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Common Revenue Management Pricing Mistakes – By Daniel Foreman

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Ask a hotel staff member who isn't a revenue manager about a revenue manager’s daily tasks, and they'll most likely say they 'set rates' or 'raise rates,' or something to that effect.

While this is a significant part of our role, it's easy to overlook the in-depth analysis that underpins each pricing decision to get to the sticker price.

If you get too fixated on solely pricing, it can be very easy to lead your hotel astray and deliver sub-optimal revenue outcomes.

There are countless pitfalls you can wind up in when it comes to finding that perfect price-point. in this article I’m going to give you 5 that I see most often!

Mistake 1: Defensive Overpricing

How many times has this happened to you?

A big event is announced. Pressed for time, you put in a dummy $999 price to deter bookings, and create some breathing room until you can come back and put in a more logical pricing strategy.

This is a big rookie mistake for many reasons, but here are the key reasons why this isn’t a substitute for a real strategy:

In short, what was usually intended as a quick, time-saving method for guarding inventory can actually create more headaches unless a flawless yielding strategy is also implemented.

But, paradoxically this takes just as much time as simply pricing the hotel correctly from the start.

The fix:

Slow down, and take the time to implement a holistic strategy that includes a realistic price point, logical yielding, and realistic policies to avoid throwing down the gauntlet with prospective guests.

Mistake 2 – Pricing Decisions Based on an Improper Competitive Set

This mistake is almost so basic that you may be eye-rolling already, but think about all the ways in which we build competitive sets, or compsets that might not serve our best interest.

As a revenue manager you may find yourself pressured to compare against other hotels that obviously should not be in your competitive set.

Maybe over time your compset has seen the addition of hotels that are not even the same lodging type.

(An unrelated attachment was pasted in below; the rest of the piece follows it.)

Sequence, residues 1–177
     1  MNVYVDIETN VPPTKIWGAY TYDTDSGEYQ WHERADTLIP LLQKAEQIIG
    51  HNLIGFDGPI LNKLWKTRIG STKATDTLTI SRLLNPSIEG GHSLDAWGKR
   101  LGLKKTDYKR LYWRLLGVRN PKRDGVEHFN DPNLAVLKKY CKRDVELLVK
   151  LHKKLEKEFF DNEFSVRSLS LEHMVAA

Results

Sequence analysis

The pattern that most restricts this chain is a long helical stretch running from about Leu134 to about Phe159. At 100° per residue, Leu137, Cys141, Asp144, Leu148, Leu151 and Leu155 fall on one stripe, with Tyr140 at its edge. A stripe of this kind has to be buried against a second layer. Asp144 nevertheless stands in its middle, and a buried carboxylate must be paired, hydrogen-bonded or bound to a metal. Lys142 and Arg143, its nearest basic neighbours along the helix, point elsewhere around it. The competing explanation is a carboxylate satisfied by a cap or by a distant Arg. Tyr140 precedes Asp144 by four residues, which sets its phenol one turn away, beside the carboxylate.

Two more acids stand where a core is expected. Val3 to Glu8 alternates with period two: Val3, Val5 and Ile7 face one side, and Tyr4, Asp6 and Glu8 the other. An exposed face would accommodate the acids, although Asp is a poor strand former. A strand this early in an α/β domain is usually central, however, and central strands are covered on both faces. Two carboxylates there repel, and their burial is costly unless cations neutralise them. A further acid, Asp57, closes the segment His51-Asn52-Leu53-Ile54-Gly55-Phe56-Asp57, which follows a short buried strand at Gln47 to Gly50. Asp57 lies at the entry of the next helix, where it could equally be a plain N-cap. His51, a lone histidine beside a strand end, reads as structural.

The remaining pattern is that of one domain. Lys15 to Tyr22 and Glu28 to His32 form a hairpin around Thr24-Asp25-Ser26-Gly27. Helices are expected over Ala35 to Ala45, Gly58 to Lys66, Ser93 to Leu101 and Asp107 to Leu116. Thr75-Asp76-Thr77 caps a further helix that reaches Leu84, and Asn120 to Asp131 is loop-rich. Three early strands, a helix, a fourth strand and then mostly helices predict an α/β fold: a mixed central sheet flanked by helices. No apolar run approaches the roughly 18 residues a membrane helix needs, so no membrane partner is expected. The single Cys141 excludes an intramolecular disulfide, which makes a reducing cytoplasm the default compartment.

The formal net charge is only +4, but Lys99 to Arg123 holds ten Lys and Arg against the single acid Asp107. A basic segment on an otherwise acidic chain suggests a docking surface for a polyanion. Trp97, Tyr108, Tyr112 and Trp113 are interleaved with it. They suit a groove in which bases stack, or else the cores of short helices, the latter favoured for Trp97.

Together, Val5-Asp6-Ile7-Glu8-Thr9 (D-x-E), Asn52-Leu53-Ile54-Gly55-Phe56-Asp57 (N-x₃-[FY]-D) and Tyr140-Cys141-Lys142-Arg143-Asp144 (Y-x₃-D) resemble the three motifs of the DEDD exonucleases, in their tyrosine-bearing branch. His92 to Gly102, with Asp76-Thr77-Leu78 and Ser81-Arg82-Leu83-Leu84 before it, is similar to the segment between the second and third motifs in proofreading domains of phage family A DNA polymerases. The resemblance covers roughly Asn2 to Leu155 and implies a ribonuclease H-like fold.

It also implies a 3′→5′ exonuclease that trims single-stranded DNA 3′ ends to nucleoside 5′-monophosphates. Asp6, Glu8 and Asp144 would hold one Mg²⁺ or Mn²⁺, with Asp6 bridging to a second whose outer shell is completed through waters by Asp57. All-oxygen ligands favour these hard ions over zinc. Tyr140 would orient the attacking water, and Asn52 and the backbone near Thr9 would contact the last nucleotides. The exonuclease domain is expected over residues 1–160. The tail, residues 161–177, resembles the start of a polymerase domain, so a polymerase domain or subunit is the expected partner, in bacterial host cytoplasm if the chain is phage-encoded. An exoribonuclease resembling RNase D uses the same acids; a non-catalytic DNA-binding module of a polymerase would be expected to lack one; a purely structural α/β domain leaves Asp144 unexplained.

For example, adding an economy extended stay property to your compset while you are an upper-midscale select-service property – this is an all too common mistake that can lead to sub-optimal pricing decisions.

I know that we, as revenue managers, are competitive and always pushing ourselves to win out over as many other hotels as we can.

But, pause. Take a step back to ask yourself: “Is my compset realistic?”

The fix:

Be realistic with your primary compset – but use your secondary compset for that “stretch” compset. This is exactly why we created the “secondary compset” feature in Rate Insight: to allow you to keep an eye on those competitors that might not be a perfect match, but are still important to you.

This leads us right into mistake #3 which is…

Mistake 3: Not Reviewing Your Rate Shop Compset at Least Yearly

This is closely related to mistake 2, but has some subtle differences. How many times have we as a revenue manager inherited a hotel assignment, and then simply picked up the reins without asking any questions about the compset?

Or perhaps you’re in a market with explosive growth over the past few years (such as Dallas or Nashville), and simply haven’t taken the time to assess whether new supply is a threat?

There is a good chance that if you haven’t modified or updated your compset in the past year, more has changed than you may realize: new supply, brand conversions, and renovations are all valid reasons to consider brushing up your compset and re-evaluating where you stand.

The fix:

Mix up strategy meetings at least 1 time per year to review supply changes in your market and change your rate shop competitive set accordingly

Mistake 4: Not Factoring Marketing Mix When Making Pricing Decisions

Market mix should always be top of mind when making any revenue management decision. But, one of the most common pricing mistakes I see is making pricing decisions in a vacuum, separate from the realities of market mix.